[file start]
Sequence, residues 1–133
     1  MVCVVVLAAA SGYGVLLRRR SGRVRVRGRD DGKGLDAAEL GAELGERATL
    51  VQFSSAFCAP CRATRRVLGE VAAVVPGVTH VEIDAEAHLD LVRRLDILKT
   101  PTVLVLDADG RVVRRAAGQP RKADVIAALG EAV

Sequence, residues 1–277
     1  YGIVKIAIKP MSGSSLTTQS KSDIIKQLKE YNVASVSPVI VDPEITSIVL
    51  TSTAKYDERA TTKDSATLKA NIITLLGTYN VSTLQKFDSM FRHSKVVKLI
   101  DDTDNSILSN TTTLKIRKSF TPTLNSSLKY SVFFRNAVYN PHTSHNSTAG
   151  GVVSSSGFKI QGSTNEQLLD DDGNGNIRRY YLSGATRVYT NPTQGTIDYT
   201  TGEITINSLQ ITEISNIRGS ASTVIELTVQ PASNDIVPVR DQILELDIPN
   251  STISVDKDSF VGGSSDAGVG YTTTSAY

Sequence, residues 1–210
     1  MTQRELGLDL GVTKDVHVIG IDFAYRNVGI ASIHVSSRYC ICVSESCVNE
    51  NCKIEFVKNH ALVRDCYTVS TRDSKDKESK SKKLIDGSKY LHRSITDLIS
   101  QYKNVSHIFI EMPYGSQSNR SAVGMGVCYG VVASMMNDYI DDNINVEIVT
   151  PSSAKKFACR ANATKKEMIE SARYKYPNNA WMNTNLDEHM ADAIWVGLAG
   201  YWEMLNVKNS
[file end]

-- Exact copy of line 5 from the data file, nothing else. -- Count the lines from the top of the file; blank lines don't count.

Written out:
Sequence, residues 1–277